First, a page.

were violated in relation to a rules violation he received on January 26, 2013, for the altercation
with Defendant Strickland on January 25, 2013. However, he admits that he did not appeal the
rules violation,  at 27,4 and the Jail records show that Goldsmith chose to “accept the
decision of the hearing Officer,” and not appeal. [48-3] at 9. Accordingly, Goldsmith failed to
exhaust the due process afforded him in the disciplinary proceeding regarding the January 25,
2013, incident. Defendants are, therefore, entitled to summary judgment on this claim.
Goldsmith alleges that he was denied his due process rights with regard to the rules
violation that he received on or about January 30, 2014. According to the record, on that date he
was given a rules infraction for stabbing another inmate with a pen. [48-3] at 26-31, 89.
Goldsmith failed to submit any copies of grievances or letters related to this incident.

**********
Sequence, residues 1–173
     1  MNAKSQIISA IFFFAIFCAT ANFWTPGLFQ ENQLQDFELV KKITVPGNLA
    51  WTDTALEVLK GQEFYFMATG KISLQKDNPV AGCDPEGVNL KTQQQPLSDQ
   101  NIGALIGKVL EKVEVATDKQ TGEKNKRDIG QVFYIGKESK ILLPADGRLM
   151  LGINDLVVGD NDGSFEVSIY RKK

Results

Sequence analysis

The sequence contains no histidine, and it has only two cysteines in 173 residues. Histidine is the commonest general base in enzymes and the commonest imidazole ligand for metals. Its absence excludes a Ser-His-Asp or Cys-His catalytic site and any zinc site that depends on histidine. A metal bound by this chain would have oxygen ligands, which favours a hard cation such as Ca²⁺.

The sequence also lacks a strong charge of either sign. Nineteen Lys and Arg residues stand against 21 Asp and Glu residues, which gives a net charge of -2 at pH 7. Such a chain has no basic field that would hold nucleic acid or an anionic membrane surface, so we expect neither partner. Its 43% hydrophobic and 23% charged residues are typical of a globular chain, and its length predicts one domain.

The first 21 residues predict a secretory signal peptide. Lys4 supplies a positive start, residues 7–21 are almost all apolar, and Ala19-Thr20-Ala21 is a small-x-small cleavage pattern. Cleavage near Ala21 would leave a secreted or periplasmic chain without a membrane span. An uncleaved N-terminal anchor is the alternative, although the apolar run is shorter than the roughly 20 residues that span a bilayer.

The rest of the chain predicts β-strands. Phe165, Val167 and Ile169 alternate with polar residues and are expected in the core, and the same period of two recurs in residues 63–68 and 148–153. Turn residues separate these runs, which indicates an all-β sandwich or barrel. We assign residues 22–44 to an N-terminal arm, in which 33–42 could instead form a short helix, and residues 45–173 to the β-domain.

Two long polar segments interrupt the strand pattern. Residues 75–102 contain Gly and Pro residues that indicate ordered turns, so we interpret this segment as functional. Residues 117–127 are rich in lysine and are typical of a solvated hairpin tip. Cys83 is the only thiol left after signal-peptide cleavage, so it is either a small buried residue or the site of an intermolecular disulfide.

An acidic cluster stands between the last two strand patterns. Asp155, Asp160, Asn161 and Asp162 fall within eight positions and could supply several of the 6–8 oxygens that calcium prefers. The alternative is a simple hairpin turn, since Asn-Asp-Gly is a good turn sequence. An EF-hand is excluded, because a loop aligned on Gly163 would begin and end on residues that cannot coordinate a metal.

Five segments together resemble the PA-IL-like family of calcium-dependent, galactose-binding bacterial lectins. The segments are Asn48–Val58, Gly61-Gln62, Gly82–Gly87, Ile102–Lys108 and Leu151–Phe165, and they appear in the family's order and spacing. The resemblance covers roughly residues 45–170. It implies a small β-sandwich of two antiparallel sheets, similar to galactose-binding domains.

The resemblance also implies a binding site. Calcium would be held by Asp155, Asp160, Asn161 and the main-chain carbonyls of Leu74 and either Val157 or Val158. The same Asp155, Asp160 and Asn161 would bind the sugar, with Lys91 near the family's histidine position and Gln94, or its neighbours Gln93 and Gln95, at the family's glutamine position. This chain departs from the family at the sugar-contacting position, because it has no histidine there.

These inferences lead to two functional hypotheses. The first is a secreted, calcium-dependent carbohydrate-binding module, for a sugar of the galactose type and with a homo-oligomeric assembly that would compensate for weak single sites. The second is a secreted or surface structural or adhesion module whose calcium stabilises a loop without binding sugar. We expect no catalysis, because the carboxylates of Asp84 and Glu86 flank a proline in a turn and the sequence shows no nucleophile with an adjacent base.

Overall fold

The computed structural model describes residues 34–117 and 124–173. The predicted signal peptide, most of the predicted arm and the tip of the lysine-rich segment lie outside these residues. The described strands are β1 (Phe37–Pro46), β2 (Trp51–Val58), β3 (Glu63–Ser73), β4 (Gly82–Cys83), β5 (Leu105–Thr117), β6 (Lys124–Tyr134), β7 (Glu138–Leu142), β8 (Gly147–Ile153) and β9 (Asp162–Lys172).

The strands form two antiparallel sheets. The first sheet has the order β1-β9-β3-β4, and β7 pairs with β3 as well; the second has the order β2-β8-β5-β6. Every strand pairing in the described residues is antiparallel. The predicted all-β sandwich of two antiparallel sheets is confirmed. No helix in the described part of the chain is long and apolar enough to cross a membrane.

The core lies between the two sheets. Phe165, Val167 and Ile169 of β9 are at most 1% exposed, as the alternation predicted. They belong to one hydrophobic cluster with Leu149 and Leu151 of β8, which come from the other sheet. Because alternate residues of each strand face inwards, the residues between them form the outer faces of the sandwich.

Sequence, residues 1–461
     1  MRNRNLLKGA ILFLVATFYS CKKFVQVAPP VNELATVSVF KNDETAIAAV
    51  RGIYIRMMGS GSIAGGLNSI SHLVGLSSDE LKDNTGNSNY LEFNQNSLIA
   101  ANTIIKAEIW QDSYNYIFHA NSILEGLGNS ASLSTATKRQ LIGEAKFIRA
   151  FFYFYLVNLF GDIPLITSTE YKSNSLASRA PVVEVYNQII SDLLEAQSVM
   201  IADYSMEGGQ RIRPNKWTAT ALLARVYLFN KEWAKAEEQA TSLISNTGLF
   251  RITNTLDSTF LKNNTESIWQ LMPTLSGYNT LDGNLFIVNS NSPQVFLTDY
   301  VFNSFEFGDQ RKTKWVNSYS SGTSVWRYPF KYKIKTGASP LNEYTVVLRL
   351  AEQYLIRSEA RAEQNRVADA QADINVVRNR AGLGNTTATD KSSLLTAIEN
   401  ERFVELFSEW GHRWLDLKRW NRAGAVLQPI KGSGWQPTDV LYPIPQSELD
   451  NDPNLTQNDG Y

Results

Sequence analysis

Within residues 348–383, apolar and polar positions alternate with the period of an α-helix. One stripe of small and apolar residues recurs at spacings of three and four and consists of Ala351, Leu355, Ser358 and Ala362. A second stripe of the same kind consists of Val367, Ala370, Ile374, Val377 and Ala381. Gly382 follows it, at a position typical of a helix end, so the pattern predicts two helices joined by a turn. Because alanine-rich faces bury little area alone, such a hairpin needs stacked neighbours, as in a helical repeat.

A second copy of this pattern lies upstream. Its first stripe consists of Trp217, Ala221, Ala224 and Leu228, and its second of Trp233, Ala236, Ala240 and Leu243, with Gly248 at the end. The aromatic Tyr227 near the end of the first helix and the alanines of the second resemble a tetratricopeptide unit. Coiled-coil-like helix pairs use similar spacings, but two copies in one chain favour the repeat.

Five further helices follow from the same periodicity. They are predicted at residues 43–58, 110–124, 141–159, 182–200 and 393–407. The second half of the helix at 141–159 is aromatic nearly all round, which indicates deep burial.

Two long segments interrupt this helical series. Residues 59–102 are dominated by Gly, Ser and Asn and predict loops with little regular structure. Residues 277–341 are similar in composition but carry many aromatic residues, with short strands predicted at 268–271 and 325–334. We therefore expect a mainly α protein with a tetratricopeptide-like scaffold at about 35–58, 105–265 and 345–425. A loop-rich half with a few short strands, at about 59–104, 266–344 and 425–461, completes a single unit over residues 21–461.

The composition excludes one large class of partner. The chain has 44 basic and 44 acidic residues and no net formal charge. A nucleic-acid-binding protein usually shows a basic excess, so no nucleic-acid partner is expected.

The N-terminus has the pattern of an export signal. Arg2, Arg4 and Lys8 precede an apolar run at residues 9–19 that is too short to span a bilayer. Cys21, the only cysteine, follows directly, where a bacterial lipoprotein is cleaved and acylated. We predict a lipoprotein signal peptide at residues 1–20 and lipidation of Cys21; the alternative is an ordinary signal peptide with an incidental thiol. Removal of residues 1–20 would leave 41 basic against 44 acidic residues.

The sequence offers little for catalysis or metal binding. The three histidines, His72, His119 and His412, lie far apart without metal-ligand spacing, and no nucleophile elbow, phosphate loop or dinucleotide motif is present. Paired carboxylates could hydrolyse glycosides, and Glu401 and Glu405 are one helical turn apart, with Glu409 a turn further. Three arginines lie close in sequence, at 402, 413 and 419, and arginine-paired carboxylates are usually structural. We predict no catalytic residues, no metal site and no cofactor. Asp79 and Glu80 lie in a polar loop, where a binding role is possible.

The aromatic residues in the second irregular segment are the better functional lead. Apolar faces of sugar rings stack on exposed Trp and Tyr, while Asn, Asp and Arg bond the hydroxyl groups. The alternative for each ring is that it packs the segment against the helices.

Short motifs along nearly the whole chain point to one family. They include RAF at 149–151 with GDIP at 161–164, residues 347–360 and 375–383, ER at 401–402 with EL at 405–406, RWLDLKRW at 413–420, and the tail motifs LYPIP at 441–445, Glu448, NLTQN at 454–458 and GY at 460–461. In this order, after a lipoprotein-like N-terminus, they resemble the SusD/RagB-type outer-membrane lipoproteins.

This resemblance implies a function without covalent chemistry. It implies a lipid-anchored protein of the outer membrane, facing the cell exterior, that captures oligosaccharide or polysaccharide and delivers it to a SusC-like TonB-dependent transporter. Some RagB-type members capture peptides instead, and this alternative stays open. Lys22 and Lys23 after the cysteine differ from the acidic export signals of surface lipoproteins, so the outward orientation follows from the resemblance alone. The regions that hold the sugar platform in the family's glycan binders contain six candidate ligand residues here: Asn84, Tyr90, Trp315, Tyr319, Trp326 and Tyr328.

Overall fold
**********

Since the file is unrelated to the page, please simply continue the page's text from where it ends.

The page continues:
Accordingly, the Court finds that Defendants are entitled to summary judgment on this claim for
Goldsmith’s failure to exhaust available administrative remedies.
Goldsmith’s Motion to Object  is duplicated at his Motion for Reconsideration .
For ease of reference, the Court will refer only to the filing at .
Goldsmith alleges that his due process rights were violated when Defendants subjected
him and other inmates to a loss of privileges and lockdown for four days on May 24, 2014, when
authorities found that tobacco had been spit into a garbage can in the zone in which Goldsmith
was housed. In a May 24, 2014, letter addressed to Defendants Blaine, Rutland, and King,
Goldsmith complains of the loss of privileges for four days.  at 43-44. Although this letter is
not in the form of a grievance, it is addressed to officials who might handle the grievance process
at the Jail. Accordingly, in an abundance of caution, the Court will address the merits of this
The Court finds that Defendants are entitled to summary judgment on the merits as to